Just two hours before the midnight deadline, the House voted 357 to 60 to fund the department for one week. The Senate passed the measure earlier in the evening by a voice vote.
Less than one hour before the vote, House Minority Leader Nancy Pelosi sent her Democratic colleagues a letter urging them to advance the seven-day measure.
Though the department will be funded, the one-week measure will set up a new round of fighting for lawmakers on Capitol Hill. The dysfunction that has become all too familiar on Capitol Hill was on full display today as the House earlier failed to secure enough votes to pass a short-term funding bill that would have kept the department open for three weeks.
That last-minute strategy proposed by House Republicans failed with a vote of 203 to 224. Fifty-two Republicans opposed the measure while 12 Democrats supported it.
President Obama held a meeting in the Oval Office late Friday with DHS Secretary Jeh Johnson and OMB Director Shaun Donovan to discuss the potential shutdown, White House Press Secretary Josh Earnest said. The president personally phoned House Minority Leader Nancy Pelosi and Senate Minority Leader Harry Reid to receive an update on the situation.
The evening’s drama rounds out months of fighting between Democrats and Republicans over the funding. Republicans have wanted to link any funding for the department to immigration. Earlier this month, the House passed a bill that would fund the department through the end of the fiscal year while also blocking President Obama’s recent executive actions on immigration.
But Democrats opposed that plan, instead pushing for a clean funding bill. Earlier in the day, the Senate passed a clean funding measure with a vote of 68 to 31 to fund the Department of Homeland Security through Sept. 30.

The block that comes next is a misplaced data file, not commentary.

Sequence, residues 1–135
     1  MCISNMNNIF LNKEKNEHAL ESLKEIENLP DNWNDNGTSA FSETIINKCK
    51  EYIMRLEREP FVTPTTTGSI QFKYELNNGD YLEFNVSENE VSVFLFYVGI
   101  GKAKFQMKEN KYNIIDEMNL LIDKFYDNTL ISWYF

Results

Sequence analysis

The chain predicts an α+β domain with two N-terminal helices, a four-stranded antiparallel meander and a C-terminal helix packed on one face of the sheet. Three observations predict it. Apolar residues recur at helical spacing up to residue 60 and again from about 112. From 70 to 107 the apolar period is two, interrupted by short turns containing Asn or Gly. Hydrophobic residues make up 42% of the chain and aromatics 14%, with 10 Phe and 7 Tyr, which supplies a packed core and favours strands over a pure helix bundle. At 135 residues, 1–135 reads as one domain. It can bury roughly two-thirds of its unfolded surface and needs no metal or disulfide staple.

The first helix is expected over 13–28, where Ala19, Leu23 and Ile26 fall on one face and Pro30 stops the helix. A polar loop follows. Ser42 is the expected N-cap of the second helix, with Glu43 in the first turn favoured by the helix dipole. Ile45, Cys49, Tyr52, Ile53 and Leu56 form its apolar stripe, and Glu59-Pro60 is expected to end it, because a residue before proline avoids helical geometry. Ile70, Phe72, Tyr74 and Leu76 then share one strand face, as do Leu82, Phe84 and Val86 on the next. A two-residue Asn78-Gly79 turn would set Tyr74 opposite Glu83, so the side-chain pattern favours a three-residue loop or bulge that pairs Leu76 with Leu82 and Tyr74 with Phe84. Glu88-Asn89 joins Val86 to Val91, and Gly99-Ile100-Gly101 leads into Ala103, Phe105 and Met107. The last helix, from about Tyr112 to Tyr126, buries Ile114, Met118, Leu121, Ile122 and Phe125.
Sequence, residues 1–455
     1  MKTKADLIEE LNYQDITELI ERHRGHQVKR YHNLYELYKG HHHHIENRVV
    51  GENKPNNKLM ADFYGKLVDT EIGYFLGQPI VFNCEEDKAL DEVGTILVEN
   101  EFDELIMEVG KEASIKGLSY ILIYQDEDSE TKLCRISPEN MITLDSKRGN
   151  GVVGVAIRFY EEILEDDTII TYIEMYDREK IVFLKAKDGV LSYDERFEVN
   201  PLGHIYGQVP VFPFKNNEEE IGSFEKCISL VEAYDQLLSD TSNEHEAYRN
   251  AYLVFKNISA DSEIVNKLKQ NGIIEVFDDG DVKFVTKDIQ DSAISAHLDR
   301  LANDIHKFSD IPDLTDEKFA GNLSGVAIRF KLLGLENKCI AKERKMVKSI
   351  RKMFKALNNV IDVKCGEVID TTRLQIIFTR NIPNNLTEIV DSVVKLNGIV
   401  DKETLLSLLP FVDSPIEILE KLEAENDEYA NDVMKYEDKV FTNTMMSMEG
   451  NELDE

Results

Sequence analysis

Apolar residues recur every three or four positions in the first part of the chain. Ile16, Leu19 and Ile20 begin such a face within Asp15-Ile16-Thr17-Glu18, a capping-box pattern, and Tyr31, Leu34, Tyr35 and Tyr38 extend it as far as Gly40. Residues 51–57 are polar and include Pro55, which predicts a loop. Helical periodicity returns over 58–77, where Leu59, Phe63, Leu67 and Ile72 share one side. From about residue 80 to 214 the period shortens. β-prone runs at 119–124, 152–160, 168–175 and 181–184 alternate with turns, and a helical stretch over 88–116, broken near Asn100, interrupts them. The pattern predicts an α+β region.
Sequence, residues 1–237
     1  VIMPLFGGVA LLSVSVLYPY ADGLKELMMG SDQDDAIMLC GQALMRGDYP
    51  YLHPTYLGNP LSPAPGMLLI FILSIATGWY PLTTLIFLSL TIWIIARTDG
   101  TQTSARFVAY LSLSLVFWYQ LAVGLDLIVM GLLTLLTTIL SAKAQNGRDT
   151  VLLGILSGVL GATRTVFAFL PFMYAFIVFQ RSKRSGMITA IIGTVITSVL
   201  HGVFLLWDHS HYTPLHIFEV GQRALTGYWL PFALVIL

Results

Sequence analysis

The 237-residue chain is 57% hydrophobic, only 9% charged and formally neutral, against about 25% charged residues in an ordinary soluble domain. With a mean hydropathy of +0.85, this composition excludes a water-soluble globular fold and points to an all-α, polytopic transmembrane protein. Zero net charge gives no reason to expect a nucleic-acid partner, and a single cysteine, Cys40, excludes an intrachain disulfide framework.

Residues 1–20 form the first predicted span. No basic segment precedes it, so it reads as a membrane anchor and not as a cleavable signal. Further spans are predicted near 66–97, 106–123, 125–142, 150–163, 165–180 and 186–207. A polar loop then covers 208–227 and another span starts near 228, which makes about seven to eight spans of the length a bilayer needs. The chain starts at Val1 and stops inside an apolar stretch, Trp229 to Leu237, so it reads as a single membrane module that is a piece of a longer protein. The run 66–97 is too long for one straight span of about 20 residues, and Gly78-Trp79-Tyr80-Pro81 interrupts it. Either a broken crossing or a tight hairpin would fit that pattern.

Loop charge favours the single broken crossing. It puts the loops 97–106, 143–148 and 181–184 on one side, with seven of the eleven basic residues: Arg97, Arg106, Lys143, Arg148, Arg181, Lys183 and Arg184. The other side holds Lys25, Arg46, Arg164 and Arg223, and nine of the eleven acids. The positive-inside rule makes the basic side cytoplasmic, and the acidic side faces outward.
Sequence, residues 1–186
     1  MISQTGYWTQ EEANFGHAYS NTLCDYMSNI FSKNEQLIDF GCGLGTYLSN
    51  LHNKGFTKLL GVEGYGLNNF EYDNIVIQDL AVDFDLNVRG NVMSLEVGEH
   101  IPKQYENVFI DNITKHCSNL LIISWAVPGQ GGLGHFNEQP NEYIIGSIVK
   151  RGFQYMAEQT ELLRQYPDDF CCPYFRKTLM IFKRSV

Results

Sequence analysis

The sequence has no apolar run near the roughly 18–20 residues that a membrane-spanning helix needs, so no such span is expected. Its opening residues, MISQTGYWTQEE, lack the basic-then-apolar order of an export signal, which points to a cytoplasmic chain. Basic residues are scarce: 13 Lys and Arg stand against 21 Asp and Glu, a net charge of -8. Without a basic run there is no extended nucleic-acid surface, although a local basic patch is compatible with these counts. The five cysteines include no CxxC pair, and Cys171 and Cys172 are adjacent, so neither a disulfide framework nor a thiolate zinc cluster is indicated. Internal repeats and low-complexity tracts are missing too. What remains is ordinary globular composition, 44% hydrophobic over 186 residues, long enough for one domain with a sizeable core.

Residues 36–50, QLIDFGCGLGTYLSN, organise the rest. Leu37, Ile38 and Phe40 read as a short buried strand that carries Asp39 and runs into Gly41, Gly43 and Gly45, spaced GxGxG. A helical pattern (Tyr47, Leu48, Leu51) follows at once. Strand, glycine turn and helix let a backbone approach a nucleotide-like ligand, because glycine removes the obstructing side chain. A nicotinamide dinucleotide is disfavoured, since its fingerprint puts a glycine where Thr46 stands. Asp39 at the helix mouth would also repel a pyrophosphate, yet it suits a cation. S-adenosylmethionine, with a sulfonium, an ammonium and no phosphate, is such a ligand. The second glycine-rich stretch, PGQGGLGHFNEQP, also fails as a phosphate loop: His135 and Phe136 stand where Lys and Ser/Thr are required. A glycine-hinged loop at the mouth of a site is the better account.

“We passed a full-year funding for the Department of Homeland Security,” Sen. Barbara Mikulski, D-Md., said. “It means we did our job so that those men and women working in every agency can do their job to protect America. The Senate has done its job. Now, the House has to do its job.”
Lawmakers will now have one week to hammer out their differences on the funding and immigration. If not, the Department of Homeland Security will have to furlough approximately 40,000 workers. But 80 percent of its 240,000-person workforce would be required to work without pay.
That figure includes 40,000 Customs and Border Protection officers, 5,000 Transportation Security Administration security screeners, and 13,000 Immigration and Customs Enforcement agents.
Alex Wong/Getty Images(WASHINGTON) -- Former Florida Gov. Jeb Bush, despite a smattering of boos, stuck to his views on immigration and education, controversial with some conservatives, in his question-and-answer session Friday at the Conservative Political Action Conference, saying any immigration overhaul needs to include a “path to legal status” for undocumented immigrants.